Why Email Is Still the Way to Reach Millennials

Often ignored, or presumed not “cool” enough to reach young consumers, email is the quiet champion of reaching Millennial shoppers—here are five reasons why…

When we listed The 15 Apps That Millennials & Gen Z Say They Can’t Live Without, email apps appeared on the list more than once. It’s often assumed that young consumers are ignoring email—or that it’s not “cool” enough a method to reach them. But email isn’t dead—it’s a powerful marketing tool for Millennials. Sure, digital marketing is certainly flashier, and for advertising in general we find they prefer interactive, creative approaches. But email plays a big role in their every day—and plays a major role in the way they’re shopping. It’s quiet, it’s not new, but there are plenty of reasons that email is still a huge way for brands to reach Millennial shoppers. Here are just five:  

1. They’re actually checking it all the time.

Millennials might be more “obsessed with email” than you think. When we surveyed Millennials about their phone use, one 28-year-old male told us, “I constantly need to know what’s going on with my email.” He’s not alone. A recent survey from Adobe shows over half of 18-24-year-olds and 43% of 25-34-year-olds check their email before they get out of bed. The latter is also the most likely of all age groups to open their inbox during off-time activities like vacation and watching TV. For brands, quality, customized content wins out over generic spamming.

2. It’s how they WANT brands to talk to them.

Ypulse’s own trend research found that 80% of 13-33-year-olds would like brands to communicate with them through email. According to another Adobe survey, over half of Millennials say that email is their preferred option to be contacted by a brand—so what’s the best way to use it? Thinking mobile is a…

 
 

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The Newsfeed

“[Anna Victoria is] a good role model to women and is changing the way the world looks at fitness and body image.”—Female, 21, CA

Abercrombie & Fitch is going gender-neutral for their new kids’ clothing line. The “Everybody Collection” features “tops, bottoms, and accessories” for five-14-year-old boys and girls. A&F’s Brand President explained their decision to appeal to The Genreless Generation: "Parents and their kids don’t want to be confined to specific colors and styles, depending on whether shopping for a boy or a girl.'' The line of 25 new styles will be rolling out online and to 70 stores, starting this month. (Today)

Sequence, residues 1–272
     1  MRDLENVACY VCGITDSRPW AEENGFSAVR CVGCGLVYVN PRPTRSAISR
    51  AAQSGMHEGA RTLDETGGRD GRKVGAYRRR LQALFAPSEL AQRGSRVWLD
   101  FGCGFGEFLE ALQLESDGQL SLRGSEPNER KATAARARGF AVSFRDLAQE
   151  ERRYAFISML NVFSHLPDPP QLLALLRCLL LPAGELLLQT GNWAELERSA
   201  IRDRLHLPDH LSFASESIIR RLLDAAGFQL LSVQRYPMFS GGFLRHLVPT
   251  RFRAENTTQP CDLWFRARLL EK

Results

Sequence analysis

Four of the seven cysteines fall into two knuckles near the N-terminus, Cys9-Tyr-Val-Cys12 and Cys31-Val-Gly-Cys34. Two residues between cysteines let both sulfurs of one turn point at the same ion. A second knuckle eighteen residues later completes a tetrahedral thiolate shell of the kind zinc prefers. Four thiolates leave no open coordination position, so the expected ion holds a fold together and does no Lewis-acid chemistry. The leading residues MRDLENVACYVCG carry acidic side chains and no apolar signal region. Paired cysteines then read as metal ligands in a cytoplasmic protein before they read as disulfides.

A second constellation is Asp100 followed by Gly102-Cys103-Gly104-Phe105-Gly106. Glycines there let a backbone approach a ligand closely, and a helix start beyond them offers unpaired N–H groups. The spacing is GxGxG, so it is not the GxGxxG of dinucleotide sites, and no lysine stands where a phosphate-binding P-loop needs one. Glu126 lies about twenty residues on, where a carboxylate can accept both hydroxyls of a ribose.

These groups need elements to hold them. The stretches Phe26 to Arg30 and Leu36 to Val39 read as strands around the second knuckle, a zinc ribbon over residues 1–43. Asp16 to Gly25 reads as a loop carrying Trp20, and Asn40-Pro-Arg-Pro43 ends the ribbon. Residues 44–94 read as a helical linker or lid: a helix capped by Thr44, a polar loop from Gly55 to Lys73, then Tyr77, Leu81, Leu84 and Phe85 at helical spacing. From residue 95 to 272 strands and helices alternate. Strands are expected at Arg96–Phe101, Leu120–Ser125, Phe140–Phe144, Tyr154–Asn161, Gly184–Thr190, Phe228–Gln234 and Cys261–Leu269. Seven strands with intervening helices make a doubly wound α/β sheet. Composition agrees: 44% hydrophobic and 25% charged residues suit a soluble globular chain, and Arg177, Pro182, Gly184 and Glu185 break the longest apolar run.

Millennials & Gen Z already think the Nintendo Switch is cool, and now the brand is giving them more ways to use it. They’re introducing Nintendo Labo, “cardboard-based, interactive DIY experiences” for the Switch, tapping into the “toys-to-life” trend. The variety kit lets players construct five different “Toy-Con” experiences that include turning the Joy-Con controller into a motorbike handle complete with a throttle that can be twisted to accelerate, and creating a piano that senses which keys are pressed to produce the correct musical note. (Kidscreen)

YouTube is pulling Tide Pod Challenge videos from its platform. Teens started eating Tide pods when memes showcasing their Gusher-like colors went viral. The brand has since issued warnings not to eat the pods, and some stores have even begun locking up the product. YouTube has explained the decision to take down the popular pod-eating videos as a continuation of their policy to “prohibit content that’s intended to encourage dangerous activities that have an inherent risk of physical harm." Some are suggesting that pressure from parent company Procter & Gamble may have also been a factor. (Mashable)

The streaming wars are continuing, but audiences are turning to Netflix, Hulu, and Amazon Prime for very different kinds of content. Hub Entertainment Research found original content is winning users' time on Netflix, while over half watch Hulu for its syndicated collection, and movies are most popular on Amazon Prime. The study also found that most Americans overall spend their entertainment time watching TV (40%), but 18-24-year-olds are most likely to engage with gaming and online video, like YouTube. (Quartz)

Outdoor Voices embraced Millennials’ minimal moment to break onto the athleisure scene. The brandless brand goes for a minimalist aesthetic with pops of color, and sees itself as an anti-Nike of sorts. The founder explains that they’re “a recreational Nike” because “With Nike and so many other brands, it’s really about being an expert, being the best. With OV, it’s about how you stay healthy—and happy.” Whatever they’re doing, it’s working: the company has grown rapidly since it was founded in 2013, climbing a startling 800% in 2016 alone. (Vogue)

“I saw some heartbreaking stories in the internet, and decided to look up some international charities and donate to them.”—Male, 20, WA

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